Caring for Our Relations

Even as Morrisseau brought other storylines into his work, they were always infused with core Anishinaabe ways of knowing, such as centering the power of relations. Morrisseau taught the importance of caring for our relations, which also meant caring for our planet.

This drawing shows a child’s face connected to a fish below and a bird above. Wavy energy lines connect all three beings to Aki and Nebi (land and water) to visually express the world's layers.

Norval Morrisseau, Untitled, c. 1978.

Norval Morrisseau, Flowers Yellow Birds, 1991.

Painted later in his life, this colourful work celebrates kinship ties between birds and flowers.

Norval Morrisseau, Untitled (Children Cherry Tree Yellow), c. 1994.

In a work that celebrates the beauty of all living things, Morrisseau joins together children, flowers, and birds with a bountiful cherry tree, laden with red fruit.

Morrisseau painted this work while living in a house at Semiahmoo First Nation overlooking the Pacific Ocean during the 1990s. A big cherry tree stood in his front yard and inspired him to paint this two-panel canvas.

PAST/PRESENT/FUTURE - Caring for Our Relations

Time Magazine commissioned Morrisseau to paint a work related to Indigenous land claims for the cover of their July 22, 1975 publication about ongoing clashes over resources and opposition by Eeyou (James Bay Cree) and Inuit in Northern Quebec to the James Bay Hydroelectric Project, that was initiated by Hydro-Quebec and the government of Quebec in 1971. Although the painting was bumped from the cover for another news story, Morrisseau’s painting demonstrates kinship ties to Aki and Nebi. This work also demonstrates the importance of thinking about land, water, and all living beings over generations.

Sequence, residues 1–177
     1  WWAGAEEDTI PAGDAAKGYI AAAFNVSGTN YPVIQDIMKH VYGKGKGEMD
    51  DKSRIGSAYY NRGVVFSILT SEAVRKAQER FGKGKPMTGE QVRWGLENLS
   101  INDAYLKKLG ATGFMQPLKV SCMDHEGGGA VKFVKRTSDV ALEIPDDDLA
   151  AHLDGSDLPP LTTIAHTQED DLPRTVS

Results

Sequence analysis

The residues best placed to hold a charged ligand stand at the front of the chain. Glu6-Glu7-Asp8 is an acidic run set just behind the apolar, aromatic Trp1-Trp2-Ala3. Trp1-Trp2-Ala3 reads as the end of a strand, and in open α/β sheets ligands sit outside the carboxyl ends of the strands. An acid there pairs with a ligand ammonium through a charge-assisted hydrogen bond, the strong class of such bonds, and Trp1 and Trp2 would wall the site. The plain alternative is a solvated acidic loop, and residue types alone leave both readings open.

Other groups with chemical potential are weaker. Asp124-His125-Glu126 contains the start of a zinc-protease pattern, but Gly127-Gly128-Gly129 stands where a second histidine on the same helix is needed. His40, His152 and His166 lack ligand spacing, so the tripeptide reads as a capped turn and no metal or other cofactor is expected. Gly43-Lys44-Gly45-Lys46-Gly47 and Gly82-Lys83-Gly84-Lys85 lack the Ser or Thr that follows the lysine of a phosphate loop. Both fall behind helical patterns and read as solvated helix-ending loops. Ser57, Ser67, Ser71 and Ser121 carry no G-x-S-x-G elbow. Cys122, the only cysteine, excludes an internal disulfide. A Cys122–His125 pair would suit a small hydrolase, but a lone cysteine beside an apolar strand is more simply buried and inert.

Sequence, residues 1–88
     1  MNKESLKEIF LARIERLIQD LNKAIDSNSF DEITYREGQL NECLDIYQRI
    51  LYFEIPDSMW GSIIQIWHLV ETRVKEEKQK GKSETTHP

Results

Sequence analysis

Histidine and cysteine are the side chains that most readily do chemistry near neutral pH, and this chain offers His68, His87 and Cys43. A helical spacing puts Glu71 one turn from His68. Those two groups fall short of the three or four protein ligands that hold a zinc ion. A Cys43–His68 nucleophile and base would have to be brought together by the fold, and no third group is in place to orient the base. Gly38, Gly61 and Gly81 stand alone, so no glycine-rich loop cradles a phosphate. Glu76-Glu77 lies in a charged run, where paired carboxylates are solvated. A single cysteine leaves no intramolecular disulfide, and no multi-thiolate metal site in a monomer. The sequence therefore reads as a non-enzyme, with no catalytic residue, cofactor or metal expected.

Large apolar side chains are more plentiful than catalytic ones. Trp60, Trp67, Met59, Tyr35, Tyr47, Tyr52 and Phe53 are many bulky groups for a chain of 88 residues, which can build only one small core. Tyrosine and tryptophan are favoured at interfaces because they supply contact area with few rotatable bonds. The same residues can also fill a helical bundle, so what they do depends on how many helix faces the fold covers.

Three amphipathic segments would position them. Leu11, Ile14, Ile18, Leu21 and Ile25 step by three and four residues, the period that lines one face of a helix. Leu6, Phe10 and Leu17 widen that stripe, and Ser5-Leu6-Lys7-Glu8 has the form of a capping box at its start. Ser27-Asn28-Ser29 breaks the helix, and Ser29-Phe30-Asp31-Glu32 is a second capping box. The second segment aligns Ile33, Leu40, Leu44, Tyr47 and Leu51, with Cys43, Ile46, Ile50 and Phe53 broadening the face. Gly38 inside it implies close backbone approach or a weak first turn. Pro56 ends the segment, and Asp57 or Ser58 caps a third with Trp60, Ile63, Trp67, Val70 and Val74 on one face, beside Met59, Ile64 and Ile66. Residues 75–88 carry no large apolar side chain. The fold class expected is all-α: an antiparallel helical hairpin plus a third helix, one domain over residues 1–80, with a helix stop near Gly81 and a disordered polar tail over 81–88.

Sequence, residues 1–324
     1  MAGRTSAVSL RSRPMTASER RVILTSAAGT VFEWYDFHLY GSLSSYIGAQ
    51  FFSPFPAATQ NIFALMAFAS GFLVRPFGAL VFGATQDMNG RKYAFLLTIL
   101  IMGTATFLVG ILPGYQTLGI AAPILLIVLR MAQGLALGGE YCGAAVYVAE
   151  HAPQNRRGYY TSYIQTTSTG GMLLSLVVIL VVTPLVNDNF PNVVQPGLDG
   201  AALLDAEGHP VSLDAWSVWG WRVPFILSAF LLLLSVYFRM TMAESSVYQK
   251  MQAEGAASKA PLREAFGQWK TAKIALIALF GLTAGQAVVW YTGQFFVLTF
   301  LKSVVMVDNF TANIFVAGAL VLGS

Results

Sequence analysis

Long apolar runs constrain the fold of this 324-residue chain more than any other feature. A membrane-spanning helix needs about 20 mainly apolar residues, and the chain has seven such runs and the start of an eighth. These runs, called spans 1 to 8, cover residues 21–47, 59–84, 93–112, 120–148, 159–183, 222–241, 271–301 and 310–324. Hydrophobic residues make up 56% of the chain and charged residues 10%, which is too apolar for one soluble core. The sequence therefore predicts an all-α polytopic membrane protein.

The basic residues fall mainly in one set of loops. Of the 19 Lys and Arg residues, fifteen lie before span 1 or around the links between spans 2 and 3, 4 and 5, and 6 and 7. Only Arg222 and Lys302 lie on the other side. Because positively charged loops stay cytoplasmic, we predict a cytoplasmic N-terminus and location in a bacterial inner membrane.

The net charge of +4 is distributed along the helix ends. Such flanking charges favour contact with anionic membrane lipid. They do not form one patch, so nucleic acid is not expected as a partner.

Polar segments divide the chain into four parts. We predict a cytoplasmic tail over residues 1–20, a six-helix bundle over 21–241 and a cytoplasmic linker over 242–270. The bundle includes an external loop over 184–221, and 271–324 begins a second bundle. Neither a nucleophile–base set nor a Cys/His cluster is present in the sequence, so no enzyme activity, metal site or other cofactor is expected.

On July 18, 1975, Morrisseau was interviewed by Bob Checkwitch, the owner of the Great Grassland Graphics, which produced Morrisseau’s prints in the 1970s and 1980s. Checkwitch asked Morrisseau to explain his reasons for making this politically charged work:

Norval Morrisseau, The Land (Land Rights), 1982.

Morrisseau explains:

I realized it was a personal contribution I could make to represent all Indian people. I’m not a militant person as you know; I believe in peaceful coexistence but I also respect the feelings of other Indian people who feel they must do things their way. 

This quote by Norval Morrisseau is read by Logan Fiddler, Great-grandson of Norval Morrisseau, 2023.

Morrisseau explains how he organized the painting:

It’s divided into two parts, the world of the white man and a construction/miner whiteman. The Indian figure is the older generation of today and his ancestors are behind him looking back to the treaties they made with the white man in the past. The Indian is speaking but not to the white man. He is speaking about the old ways. He [the baby] represents the younger generation, the militant who speaks today about what he wants, and his words cross the line between white and Indian. The animals are protesting the change in their environment, they are an important part of the land, water, and Indian’s life. The center part of the painting is where I illustrate the land and its ownership.

Unpublished Checkwitch/Morrisseau conversation, 18 July 1975
​​​​​​​This quote by Norval Morrisseau is read by Logan Fiddler, Great-grandson of Norval Morrisseau, 2023. 

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